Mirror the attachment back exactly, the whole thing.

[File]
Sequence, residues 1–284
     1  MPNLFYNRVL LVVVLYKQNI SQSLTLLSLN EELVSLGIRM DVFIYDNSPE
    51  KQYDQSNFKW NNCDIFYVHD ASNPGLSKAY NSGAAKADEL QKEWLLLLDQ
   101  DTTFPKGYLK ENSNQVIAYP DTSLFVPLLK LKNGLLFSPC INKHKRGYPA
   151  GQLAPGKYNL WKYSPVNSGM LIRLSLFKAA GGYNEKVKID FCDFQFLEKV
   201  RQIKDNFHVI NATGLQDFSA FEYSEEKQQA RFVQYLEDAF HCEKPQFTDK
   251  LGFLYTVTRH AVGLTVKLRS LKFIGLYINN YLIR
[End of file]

Sequence, residues 1–284
     1  MPNLFYNRVL LVVVLYKQNI SQSLTLLSLN EELVSLGIRM DVFIYDNSPE
    51  KQYDQSNFKW NNCDIFYVHD ASNPGLSKAY NSGAAKADEL QKEWLLLLDQ
   101  DTTFPKGYLK ENSNQVIAYP DTSLFVPLLK LKNGLLFSPC INKHKRGYPA
   151  GQLAPGKYNL WKYSPVNSGM LIRLSLFKAA GGYNEKVKID FCDFQFLEKV
   201  RQIKDNFHVI NATGLQDFSA FEYSEEKQQA RFVQYLEDAF HCEKPQFTDK
   251  LGFLYTVTRH AVGLTVKLRS LKFIGLYINN YLIR